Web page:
On a very different level, has women empowerment done anything to tackle the problem that men have with the increasing surge of well educated women, who would be earning soon and might pose as a threat to the decision making of the households? The simultaneous sensitisation of men on this regard that was deeply necessary has not happened. The result is that women themselves must tackle the increasing frictions caused at home, and are mostly battling work and domestic life, or studies and domestic life together.
The empowerment model also does nothing to mitigate traditional roles associated with women like domestic labor and child rearing. There isn’t a simultaneous model for men to ‘disempower’, or to share equally in these areas. The result is that women mostly end up doing both these jobs, which act as double and triple burden on them, further leading towards inequality.
The empowerment model does nothing to challenge the present patriarchal convention that the man’s job is much more worthy than the woman’s.
Also, empowerment lays high value on competition, which finally results in favouring women with high social and cultural capitals, which means women from more powerful and influential backgrounds, or a background of high education – mostly upper caste women. This leaves out women from marginalised castes and classes. Women empowerment then, tends to favour only a certain people, despite its image of being absolutely neutral, unbiased and apolitical.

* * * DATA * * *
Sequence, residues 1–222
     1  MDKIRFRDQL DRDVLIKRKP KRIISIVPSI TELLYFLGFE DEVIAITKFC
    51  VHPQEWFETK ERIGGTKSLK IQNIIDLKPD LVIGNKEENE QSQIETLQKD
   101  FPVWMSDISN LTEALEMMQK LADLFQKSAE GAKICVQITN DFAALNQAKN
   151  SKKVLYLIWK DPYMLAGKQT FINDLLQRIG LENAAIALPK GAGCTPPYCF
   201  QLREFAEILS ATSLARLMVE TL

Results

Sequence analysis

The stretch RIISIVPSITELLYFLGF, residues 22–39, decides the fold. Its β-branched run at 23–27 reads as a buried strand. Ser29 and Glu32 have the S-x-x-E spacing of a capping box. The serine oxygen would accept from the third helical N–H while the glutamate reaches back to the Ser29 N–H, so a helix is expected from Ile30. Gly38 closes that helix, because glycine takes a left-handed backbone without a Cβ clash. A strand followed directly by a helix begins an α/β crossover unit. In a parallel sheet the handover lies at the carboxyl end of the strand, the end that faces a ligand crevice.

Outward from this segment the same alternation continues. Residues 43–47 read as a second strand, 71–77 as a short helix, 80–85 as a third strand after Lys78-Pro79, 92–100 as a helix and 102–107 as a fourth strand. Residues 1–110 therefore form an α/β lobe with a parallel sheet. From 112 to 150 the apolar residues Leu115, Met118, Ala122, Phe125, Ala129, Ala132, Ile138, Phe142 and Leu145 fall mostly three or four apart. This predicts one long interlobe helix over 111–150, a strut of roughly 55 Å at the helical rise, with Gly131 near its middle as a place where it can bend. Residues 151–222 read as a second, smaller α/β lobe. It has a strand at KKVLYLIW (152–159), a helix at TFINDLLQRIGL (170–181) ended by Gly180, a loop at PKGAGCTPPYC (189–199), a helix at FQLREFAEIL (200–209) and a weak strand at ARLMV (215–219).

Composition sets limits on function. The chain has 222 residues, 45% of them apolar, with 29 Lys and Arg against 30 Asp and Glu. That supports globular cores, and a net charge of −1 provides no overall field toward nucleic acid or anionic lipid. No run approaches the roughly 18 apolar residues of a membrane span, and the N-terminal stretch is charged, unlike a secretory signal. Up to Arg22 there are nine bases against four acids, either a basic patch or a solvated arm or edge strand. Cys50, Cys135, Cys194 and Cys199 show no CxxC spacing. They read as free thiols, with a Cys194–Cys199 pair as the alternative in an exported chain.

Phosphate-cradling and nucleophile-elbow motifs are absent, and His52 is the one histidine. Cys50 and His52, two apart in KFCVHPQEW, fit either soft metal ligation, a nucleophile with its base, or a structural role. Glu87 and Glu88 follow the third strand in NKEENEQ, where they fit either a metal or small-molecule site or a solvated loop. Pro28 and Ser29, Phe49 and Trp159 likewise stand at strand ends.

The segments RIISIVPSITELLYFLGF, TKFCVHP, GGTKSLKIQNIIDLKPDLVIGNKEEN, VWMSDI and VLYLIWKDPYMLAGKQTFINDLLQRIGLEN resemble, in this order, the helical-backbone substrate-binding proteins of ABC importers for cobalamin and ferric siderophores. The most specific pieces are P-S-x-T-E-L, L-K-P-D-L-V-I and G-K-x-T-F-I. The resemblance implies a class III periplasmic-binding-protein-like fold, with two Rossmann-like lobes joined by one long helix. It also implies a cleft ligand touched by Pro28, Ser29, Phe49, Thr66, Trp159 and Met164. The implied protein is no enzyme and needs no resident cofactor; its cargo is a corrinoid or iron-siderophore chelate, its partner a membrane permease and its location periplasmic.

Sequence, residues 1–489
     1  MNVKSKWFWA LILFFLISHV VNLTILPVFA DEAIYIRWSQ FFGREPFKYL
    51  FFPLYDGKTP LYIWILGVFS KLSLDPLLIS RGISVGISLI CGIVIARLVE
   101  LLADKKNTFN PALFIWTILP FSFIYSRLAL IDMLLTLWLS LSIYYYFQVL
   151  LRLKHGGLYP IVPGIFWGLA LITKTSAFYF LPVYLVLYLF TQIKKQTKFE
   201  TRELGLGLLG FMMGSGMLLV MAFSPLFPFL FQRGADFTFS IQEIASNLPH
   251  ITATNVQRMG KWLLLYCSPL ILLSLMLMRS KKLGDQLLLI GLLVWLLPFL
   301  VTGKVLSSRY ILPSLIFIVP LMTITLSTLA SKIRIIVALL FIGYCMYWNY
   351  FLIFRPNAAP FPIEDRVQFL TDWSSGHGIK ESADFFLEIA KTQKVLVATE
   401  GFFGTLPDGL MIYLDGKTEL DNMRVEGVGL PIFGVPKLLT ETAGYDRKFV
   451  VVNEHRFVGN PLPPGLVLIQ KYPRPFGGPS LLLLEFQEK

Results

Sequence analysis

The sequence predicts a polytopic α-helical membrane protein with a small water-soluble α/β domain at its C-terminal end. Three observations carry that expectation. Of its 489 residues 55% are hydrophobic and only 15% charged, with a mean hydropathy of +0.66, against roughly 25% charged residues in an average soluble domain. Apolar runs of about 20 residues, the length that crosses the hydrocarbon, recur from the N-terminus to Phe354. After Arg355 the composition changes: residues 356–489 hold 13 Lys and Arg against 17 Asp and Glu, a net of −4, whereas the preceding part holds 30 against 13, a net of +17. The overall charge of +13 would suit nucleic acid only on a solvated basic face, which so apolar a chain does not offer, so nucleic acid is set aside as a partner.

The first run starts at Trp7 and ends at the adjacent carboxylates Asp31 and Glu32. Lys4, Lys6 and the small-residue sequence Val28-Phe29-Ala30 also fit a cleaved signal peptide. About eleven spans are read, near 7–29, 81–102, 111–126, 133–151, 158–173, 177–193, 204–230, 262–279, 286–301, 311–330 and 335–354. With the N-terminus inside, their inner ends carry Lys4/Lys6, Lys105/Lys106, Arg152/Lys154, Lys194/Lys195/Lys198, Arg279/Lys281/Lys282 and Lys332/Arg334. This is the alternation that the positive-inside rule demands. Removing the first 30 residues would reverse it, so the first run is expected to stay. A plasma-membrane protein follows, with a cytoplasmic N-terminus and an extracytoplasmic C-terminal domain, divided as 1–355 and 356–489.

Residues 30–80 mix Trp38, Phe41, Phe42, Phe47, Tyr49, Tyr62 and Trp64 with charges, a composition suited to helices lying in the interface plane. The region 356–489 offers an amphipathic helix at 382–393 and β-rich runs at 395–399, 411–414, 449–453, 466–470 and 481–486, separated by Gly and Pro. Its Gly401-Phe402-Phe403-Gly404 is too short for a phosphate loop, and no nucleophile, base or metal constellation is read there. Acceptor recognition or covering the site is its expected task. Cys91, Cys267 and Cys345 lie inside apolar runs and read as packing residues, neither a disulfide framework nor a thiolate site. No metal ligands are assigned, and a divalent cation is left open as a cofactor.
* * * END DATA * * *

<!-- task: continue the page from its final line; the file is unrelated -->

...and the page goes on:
We understand that women empowerment is not a model that has or that can ever help in smashing the patriarchy because it does nothing to challenge or invert the present patriarchal convention that the man’s job is much more worthy than the woman’s. It does nothing to invert the gaze of looking at gender relations from a man’s perception of the world to a woman’s. It simply plays along the gender binary that men’s work is more valuable and the only way for women to climb the ladder of importance in this society is through taking up those roles historically and socially assigned to men. It does nothing, even, to address the huge gap in the conversation about women’s emotions, needs, and socially-constructed realities. Women empowerment is a sham, and it leaves very little space for gender justice and equality.
Aanchal is a motivated, far-sighted, pro-dialogue, Ambedkarite feminist. She has dedicated her life to working on and looking through the lens of gender, caste, sexual violence, subjecthood and law. She can be followed on Facebook.
Patriarchy is an entrenched ideology from which all our institutions, organisations and education have been governed from. In my project Making Good Men Great a key aim is for men to understand this and to begin deconstructing patriarchal vlaues in their personal live but also in society as a whole. Feminism, that is women, in my voew can not do this on their own. Men need to participate and take ownership for their part of the problem and solution. http://www.goodmengreat.com
True. Empowering women doesn’t automatically sensitize men. That will require separate efforts. It also requires voluntary participation of men.
Comments are closed.